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Feedback and questions on shadow DOM and web components

From: Angelina Fabbro <angelinafabbro@gmail.com>
Date: Mon, 12 Nov 2012 22:47:02 -0800
Message-ID: <CAG57-HMz5S1PH3mB9-Bsh6GUVT7vPSTeq-s3jX2KfuNS=osMtw@mail.gmail.com>
To: public-webapps@w3.org
Hello public-webapps,

I'm Angelina, and I've been very interested in shadow DOM and web
components for some time now. So much so that I've tried to teach people
about them several times. There's a video from JSConfEU floating around on
Youtube if you're interested . I think I managed to get the important parts
right despite my nerves. I've given this sort of talk four times now, and
as a result I've collected some feedback and questions from the developers
I've talked to.

1. It looks like from the spec and the code in Glazkov's polyfill that if I
add and remove the 'is' attribute, the shadow tree should apply/unapply
itself to the host element.

I've not found this to be the case. See my examples for 2. below - I tried
applying and unapplying the 'is' attribute to remix the unordered list
using a template without success.

Wanted to check if this is a bug in the polyfill or if shadow DOM is an
exception to the usual behaviour of adding/removing attributes. Compare to
adding/removing the 'style' attribute with some valid styles; the element
is updated immediately.

2. @host

If I understand the purpose of @host correctly, all styles within it's
scope should apply only to shadow host elements. I went and took a look at
the Webkit implementation and played around with the tests. I
can imperatively add innerHTML containing CSS to style the shadow host
elements, but not declaratively using a custom element with <template>.

For example, if we use the News Widget example:

<!DOCTYPE html>
<html>
<head>
    <title>Components Demo</title>
    <script src="js/components-polyfill.js"></script>
    <link rel="components" href="news-component.html">
</head>
<body>
    <ul id="breaking-news" is="news">
        <li><a href="//example.com/stories/1">A story</a></li>
        <li><a href="//example.com/stories/2">Another story</a></li>
        <li class="breaking"><a href="//example.com/stories/3">Also a
story</a></li>
        <li><a href="//example.com/stories/4">Yet another story</a></li>
        <li><a href="//example.com/stories/4">Awesome story</a></li>
        <li class="breaking"><a href="//example.com/stories/5">Horrible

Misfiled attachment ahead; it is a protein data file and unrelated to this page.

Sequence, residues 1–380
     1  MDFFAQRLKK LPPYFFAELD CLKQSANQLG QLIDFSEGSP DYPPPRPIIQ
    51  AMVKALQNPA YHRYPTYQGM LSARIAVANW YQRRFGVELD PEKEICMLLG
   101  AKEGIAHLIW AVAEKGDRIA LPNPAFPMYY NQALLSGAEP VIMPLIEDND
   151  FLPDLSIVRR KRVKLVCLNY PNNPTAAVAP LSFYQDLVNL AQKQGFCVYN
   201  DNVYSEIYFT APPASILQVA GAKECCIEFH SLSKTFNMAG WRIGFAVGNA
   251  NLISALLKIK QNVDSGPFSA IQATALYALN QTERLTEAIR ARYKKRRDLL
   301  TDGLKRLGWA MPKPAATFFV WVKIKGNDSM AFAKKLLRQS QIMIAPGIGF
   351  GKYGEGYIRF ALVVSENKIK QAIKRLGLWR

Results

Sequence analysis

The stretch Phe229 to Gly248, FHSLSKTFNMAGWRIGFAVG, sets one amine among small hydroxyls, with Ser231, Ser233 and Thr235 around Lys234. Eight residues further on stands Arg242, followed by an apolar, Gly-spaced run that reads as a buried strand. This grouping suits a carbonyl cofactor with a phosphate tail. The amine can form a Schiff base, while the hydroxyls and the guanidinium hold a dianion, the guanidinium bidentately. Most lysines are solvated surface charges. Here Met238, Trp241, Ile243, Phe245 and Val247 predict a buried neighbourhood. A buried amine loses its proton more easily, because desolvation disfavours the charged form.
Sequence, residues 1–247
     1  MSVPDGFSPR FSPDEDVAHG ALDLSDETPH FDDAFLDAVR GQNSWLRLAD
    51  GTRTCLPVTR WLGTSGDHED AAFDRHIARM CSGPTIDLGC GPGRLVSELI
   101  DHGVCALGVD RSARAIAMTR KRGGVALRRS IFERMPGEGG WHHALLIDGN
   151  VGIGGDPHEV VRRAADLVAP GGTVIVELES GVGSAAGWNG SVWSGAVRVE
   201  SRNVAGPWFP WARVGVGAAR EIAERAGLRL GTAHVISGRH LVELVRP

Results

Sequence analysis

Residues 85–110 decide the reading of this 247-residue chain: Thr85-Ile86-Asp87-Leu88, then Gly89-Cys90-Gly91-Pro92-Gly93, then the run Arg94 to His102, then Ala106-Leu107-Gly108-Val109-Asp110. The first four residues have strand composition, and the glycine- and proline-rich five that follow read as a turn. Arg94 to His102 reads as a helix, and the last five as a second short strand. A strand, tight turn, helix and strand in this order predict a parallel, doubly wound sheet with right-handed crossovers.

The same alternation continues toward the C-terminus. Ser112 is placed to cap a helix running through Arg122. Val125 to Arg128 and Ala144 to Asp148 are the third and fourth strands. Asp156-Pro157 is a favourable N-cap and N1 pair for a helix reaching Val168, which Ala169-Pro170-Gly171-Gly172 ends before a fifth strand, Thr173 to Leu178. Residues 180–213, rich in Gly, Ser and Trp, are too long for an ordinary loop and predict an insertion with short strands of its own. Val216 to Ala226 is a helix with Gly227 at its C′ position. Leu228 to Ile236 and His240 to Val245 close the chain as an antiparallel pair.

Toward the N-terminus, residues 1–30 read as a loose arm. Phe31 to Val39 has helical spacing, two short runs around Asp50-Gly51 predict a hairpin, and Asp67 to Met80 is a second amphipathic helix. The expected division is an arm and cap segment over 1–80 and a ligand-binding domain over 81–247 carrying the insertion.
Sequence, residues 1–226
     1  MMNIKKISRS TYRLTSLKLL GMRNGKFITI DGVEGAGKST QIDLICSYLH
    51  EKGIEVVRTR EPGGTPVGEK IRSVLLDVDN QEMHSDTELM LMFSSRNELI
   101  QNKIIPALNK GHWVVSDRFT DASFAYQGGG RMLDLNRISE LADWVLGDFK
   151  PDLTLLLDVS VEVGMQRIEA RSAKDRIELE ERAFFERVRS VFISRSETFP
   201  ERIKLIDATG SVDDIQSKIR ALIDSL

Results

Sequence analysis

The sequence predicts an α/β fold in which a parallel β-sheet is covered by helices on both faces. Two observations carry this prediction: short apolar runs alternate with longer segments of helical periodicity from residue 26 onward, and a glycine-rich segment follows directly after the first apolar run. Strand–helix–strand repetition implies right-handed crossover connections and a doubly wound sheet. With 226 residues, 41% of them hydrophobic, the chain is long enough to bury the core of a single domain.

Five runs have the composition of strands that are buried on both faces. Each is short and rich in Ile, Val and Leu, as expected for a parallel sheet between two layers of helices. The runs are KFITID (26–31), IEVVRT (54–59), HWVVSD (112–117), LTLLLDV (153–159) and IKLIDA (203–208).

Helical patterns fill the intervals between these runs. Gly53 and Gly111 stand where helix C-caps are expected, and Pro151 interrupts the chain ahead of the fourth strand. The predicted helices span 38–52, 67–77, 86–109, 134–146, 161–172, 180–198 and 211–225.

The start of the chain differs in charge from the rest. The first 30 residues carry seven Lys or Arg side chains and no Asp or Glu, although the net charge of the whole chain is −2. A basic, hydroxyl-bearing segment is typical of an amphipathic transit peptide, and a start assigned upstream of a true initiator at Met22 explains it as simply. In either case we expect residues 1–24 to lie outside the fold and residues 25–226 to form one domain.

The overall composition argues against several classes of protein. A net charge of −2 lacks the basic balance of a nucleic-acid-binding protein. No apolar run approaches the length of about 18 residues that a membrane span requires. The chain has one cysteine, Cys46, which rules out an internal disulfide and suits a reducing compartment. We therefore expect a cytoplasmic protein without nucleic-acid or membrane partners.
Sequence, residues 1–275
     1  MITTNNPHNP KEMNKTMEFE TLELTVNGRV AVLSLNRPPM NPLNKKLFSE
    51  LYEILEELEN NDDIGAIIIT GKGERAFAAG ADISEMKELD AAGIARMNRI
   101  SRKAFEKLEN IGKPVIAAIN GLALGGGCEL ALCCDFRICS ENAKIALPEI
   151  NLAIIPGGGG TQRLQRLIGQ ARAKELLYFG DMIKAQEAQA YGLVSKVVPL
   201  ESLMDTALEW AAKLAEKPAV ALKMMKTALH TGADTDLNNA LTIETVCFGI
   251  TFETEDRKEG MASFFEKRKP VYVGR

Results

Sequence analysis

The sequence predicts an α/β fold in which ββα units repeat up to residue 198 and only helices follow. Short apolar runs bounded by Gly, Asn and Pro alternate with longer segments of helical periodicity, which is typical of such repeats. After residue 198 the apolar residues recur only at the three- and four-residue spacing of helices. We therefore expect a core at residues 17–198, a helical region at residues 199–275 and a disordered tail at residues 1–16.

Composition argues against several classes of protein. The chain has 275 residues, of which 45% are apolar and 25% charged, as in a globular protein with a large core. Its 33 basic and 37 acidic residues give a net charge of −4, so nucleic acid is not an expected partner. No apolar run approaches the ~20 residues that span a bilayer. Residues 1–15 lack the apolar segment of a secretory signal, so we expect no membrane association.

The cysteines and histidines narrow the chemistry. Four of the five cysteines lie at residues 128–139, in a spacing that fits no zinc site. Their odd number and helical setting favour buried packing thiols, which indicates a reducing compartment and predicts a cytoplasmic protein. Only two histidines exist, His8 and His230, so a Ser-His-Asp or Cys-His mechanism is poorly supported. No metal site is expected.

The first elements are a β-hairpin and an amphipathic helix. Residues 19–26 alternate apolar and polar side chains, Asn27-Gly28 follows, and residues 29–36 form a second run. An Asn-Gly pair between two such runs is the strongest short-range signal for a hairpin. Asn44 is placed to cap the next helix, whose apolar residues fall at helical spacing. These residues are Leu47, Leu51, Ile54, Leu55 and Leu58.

story</a></li>
    </ul>
</body>
</html>

....and then we have the following template:

<!DOCTYPE html>
<html>
<head>
    <title>News Component</title>
</head>
<body>
    <element name="news" extends="ul">
        <template>
            <style>
                @host {
                    a{ color: red; }
                }

                a{
                    color: green;
                }
            </style>
            <h2>Breaking News</h2>
            <div>
                <ul>
                    <content select=".breaking"></content>
                </ul>

                <ul>
                    <content></content>
                    <li><a href="#">I am a child added by the shadowy
goodness of the template.<a></li>
                </ul>
            </div>
        </template>
    </element>
</body>
</html>

I would expect the anchors in elements selected by <content> tags to be
red, and the anchor inserted in the very last list item to be green. Only
the anchor in the last list item is green. Is this a bug?

I also think I may have found a bug in the implementation of @host, but
wanted to make sure I just haven't misunderstand how @host is supposed to
behave before filing.

Given this code:

    var parent = document.getElementById("parent");
    parent.innerHTML = '<div id="host"><span>Hello</span></div>';
    var host = document.getElementById("host");
    var shadow = new WebKitShadowRoot(host);
    shadow.innerHTML = "<style>@host { div { color: blue; }
}</style><content></content><div>Another div</div>";

.... I would expect that the shadow host child (<span>) to be blue, but not
the <div> added as a shadow child. When I run this in my browser, the text
of both are blue. The shadow child should be unstyled text in this minimal
example.

If I do the following:

shadow.innerHTML = "<style>@host { div { color: blue; } } div{ color: red;
}</style><content></content><div>Another div</div>";

.... Then the shadow host child is blue, and the shadow child is red, as one
would expect.

3. Performance

Since we can expect that developers will want to use these features to
modularize features (calendar widgets, contact forms, comment templates,
and so forth) we should also expect that there will be many of them in use
in a given app at a time. Each inclusion of a template is another request,
which means I can see this having a negative impact on performance. I'm
interested to know if  developers will be able to concatenate several
templates in a single file, or if there will be some means of lazy-loading
templates.

4. Accessibility

In the case where content is added to a page in a shadow DOM, how will a
screen reader know about it and be able to read it to the user?

Thanks for all of your hard work that has gone into these features so far.
Please let me know if I can provide any other information or examples where
I have been unclear. I've been asked to write some step-by-step tutorials
for a few magazines, and now that @host has made it into Canary I'd like to
be able to include correct information on that in particular.

Best,

- Angelina Fabbro
Received on Tuesday, 13 November 2012 14:32:32 GMT

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